While climate activists believe they know best, the U.S. can’t maintain its security while depending on foreign dictators and oligarchs to supply its energy. Current economic trends and international tensions heighten the need for domestic companies to maximize efficiency and productivity. Proper corporate governance is good not only for shareholders but for the stability of America and the world.

As attorney general of Arizona, I have a responsibility to protect consumers from artificial restrictions on production. That’s why I’ve launched an investigation into this potentially unlawful market manipulation. The resources of hard-working Arizonans should never be compromised in the name of spurious political activism, especially if that activism is a coordinated conspiracy that allocates markets in violation of the law.

Your Survival Guy has been raising the alarm bells over ESG investing for years:

Action Line: Americans suffering at the pump feel just how badly ESG and anti-oil politicians have hurt their family budgets. Don’t allow money managers to use your investments in their index funds to push a political agenda you don’t agree with. Instead, focus on investing in individual securities with the help of a qualified fiduciary you can trust. If you need help building a portfolio with individual securities in mind, I would love to talk with you. If you would like to get to know me before we talk on the phone, there’s no better way than signing up for my free monthly Survive & Thrive letter. In the letter each month, I encourage and push you to achieve the personal and financial security goals you’ve set for your family. Click here to subscribe. We’ll get to know each other, and get serious about your future success.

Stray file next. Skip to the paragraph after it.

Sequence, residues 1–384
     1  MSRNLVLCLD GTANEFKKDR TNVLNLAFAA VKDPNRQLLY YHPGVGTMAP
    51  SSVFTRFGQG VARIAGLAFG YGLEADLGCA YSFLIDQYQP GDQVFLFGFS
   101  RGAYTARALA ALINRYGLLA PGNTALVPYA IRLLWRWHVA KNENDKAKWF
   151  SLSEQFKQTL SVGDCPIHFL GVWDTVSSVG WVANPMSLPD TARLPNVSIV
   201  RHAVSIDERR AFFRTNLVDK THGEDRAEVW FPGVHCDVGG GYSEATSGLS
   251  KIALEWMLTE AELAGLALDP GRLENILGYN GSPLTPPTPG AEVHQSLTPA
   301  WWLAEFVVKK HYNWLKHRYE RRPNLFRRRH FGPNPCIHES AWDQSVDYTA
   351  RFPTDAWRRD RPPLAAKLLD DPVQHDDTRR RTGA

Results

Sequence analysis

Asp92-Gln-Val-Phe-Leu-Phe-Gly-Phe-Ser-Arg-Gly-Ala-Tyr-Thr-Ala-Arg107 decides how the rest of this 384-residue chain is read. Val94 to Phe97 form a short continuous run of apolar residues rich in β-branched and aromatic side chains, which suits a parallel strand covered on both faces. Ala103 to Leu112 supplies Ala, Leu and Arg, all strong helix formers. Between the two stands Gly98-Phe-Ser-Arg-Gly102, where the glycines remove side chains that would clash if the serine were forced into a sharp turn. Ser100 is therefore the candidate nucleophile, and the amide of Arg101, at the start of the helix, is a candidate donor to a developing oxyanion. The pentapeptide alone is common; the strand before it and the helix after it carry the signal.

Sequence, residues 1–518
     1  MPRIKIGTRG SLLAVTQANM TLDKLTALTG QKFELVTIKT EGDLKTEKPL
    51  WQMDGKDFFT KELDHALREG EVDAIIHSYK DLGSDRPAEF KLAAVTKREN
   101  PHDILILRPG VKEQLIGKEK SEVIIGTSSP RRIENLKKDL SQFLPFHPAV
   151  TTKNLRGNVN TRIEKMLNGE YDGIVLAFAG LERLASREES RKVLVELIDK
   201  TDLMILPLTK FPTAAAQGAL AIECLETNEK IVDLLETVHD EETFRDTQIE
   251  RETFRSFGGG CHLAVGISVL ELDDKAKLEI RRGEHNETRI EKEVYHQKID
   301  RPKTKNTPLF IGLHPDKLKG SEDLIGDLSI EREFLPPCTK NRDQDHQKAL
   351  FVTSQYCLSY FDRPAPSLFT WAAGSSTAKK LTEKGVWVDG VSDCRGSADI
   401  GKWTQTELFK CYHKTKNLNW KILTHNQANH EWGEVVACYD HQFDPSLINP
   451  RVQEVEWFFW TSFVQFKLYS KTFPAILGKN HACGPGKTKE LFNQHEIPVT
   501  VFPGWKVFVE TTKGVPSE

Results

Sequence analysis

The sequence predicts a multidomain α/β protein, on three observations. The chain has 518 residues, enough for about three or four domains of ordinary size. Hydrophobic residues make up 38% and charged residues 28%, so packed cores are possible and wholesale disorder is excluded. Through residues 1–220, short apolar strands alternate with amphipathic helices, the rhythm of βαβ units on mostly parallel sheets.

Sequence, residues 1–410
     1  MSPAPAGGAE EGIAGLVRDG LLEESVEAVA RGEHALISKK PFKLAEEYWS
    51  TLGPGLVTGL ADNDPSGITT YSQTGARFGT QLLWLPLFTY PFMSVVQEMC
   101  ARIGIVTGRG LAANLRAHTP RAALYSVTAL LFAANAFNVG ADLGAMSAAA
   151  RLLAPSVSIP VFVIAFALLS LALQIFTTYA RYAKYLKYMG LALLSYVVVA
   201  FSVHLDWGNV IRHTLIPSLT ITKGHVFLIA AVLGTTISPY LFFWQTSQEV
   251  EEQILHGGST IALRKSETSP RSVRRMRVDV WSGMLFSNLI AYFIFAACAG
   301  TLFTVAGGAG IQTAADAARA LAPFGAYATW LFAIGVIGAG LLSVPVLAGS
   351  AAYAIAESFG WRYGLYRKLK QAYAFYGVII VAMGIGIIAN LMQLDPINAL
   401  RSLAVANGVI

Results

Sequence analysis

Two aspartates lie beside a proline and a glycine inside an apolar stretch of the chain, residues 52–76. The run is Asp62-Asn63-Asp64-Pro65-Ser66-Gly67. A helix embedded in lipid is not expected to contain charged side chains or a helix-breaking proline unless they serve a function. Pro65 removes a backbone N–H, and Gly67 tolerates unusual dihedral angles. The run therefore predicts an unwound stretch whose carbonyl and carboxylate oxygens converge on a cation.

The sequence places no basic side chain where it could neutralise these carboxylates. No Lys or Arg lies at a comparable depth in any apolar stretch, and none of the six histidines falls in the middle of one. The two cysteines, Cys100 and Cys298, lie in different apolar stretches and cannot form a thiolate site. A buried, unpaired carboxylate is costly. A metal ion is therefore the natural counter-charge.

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E.J. Smith - Your Survival Guy

E.J. Smith is Founder of, Managing Director at Richard C. Young & Co., Ltd., a Managing Editor of, and Editor-in-Chief of His focus at all times is on preparing clients and readers for “Times Like These.” E.J. graduated from Babson College in Wellesley, Massachusetts, with a B.S. in finance and investments. In 1995, E.J. began his investment career at Fidelity Investments in Boston before joining Richard C. Young & Co., Ltd. in 1998. E.J. has trained at Sig Sauer Academy in Epping, NH. His first drum set was a 5-piece Slingerland with Zilldjians. He grew-up worshiping Neil Peart (RIP) of the band Rush, and loves the song Tom Sawyer—the name of his family’s boat, a Grady-White Canyon 306. He grew up in Mattapoisett, MA, an idyllic small town on the water near Cape Cod. He spends time in Newport, RI and Bartlett, NH—both as far away from Wall Street as one could mentally get. The Newport office is on a quiet, tree lined street not far from the harbor and the log cabin in Bartlett, NH, the “Live Free or Die” state, sits on the edge of the White Mountain National Forest. He enjoys spending time in Key West and Paris. Please get in touch with E.J. at

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Silly crap. The US is energy independent. Why is everyone so worried about foreigners. If your worried, take ‘em out for dinner and buy drinks. That will change your mind. Lol 

Remember all those drilled but uncompleted wells? Over 3,000 of them? 1/2 of them are completed and producing. Look at the wells drilled and completion chart. Every week the numbers rise month after month. For those that actually follow oil know this. 

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Brnovich is running for U.S. Senate and looking for headlines. There are no anti trust violations. The investment houses offer their clients fossil free investing and they love it. It is called the free market.

Edited by Jay McKinsey